Fat liberation, like other liberation and justice movements, is the idea that fat people experience systemic structural oppression and that to address this, society must be restructured to end this discrimination and create an inclusive, equitable society for people of all body sizes. Part of this movement is recognizing that fat people have a right to exist, exactly as they are, without being required or forced to change their bodies to deserve the same basic rights and needs as thinner people such as healthcare, employment, housing, education, clothing, and access to common spaces.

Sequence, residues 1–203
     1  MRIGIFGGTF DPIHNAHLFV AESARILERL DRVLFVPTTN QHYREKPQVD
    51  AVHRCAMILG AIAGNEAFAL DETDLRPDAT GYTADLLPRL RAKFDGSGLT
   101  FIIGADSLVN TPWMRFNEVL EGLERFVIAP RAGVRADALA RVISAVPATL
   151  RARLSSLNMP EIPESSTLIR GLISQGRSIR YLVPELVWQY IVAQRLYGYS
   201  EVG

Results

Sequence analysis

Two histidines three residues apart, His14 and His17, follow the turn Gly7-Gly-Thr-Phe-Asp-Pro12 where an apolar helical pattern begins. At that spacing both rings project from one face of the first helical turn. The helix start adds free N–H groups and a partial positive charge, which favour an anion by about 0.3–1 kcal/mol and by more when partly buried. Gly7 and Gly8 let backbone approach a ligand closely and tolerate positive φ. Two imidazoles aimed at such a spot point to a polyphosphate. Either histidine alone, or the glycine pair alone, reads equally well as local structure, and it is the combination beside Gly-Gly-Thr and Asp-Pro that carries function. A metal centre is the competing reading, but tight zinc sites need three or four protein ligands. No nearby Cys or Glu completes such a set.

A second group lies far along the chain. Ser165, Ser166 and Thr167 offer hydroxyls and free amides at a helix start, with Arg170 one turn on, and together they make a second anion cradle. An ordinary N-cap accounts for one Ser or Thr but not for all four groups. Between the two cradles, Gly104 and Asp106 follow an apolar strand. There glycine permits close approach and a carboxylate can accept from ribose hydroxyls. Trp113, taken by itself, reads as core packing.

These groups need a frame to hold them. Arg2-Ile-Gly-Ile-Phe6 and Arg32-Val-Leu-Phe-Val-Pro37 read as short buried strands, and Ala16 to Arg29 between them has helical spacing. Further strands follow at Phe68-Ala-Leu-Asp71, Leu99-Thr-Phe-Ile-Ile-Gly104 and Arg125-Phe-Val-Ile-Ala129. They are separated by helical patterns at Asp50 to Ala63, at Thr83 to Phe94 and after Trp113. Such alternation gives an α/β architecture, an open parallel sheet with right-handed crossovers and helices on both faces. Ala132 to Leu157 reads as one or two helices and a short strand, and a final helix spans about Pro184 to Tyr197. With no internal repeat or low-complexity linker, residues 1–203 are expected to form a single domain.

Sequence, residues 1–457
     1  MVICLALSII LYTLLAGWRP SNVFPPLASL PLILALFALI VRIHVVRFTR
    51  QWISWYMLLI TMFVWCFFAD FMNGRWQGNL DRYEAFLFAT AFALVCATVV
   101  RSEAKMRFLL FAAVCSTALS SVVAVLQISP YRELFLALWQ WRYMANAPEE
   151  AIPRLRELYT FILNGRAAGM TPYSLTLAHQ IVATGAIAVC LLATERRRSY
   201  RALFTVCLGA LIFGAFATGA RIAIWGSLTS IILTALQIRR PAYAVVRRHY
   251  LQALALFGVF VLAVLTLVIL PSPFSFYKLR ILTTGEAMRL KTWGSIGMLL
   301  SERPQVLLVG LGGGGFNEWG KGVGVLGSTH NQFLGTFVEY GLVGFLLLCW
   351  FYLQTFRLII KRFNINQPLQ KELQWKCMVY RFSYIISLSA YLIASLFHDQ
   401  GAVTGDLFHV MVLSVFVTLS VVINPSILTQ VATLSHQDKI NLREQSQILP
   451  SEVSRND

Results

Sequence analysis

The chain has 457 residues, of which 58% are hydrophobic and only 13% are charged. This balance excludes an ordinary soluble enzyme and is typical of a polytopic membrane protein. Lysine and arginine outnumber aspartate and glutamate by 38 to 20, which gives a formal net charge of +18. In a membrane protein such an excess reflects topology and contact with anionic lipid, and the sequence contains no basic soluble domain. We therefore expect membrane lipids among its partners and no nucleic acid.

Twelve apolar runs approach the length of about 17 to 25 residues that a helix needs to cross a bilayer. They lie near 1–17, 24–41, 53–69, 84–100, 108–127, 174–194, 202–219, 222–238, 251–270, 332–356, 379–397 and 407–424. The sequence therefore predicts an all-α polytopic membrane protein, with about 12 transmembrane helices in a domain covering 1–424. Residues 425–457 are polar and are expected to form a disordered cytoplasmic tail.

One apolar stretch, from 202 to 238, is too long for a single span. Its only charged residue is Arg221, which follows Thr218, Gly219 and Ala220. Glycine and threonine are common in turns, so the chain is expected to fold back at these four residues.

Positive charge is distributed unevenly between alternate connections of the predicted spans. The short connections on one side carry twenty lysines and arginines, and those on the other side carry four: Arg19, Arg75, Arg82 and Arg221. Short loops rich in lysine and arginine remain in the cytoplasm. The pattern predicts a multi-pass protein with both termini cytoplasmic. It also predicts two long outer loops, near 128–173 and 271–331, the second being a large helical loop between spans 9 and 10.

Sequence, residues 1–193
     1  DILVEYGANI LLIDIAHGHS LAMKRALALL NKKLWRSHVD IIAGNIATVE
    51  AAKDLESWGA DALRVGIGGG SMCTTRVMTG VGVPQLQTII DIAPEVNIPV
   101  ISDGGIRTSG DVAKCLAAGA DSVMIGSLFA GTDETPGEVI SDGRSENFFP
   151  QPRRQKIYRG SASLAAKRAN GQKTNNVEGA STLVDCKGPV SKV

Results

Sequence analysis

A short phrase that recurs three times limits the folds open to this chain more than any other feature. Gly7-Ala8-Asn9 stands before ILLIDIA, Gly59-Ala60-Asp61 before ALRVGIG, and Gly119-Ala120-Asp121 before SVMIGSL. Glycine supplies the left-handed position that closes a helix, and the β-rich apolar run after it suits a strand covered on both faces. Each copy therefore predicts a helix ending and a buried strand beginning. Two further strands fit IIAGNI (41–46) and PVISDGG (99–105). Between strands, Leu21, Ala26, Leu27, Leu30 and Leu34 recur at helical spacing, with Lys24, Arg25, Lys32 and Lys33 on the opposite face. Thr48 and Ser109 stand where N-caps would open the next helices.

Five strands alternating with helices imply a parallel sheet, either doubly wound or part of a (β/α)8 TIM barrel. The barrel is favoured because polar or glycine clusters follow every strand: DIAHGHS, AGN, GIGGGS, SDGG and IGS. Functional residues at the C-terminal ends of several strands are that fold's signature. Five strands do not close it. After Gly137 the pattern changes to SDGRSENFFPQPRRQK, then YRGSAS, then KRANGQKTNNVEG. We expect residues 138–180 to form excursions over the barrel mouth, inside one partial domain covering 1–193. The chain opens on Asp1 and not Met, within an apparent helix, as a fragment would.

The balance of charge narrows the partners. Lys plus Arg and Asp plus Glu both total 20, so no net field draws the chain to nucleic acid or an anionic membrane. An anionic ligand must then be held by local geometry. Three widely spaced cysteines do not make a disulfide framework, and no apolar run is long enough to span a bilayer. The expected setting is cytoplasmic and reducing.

Fat Liberation Month, occurring each August, celebrates fat people thriving in an oppressive society, and promotes advocacy, activism and education to empower fat people and their allies to create more inclusive and equitable communities. Learn more about the History of Fat Liberation Month
Similarly, the eating disorder community hosts Weight Stigma Awareness Week in September, which is open to all, to help challenge narratives of weight stigma and anti-fatness.
This LibGuide was co-created by Amy Harth, PhD, Assistant National Dean of Accreditation and Academic Quality, and by Joe Louderback, MLS, Reference and Instruction Librarian, as part of an ongoing series to reflect DeVry University’s commitment to, and celebration of, diversity, equity, inclusion, and justice.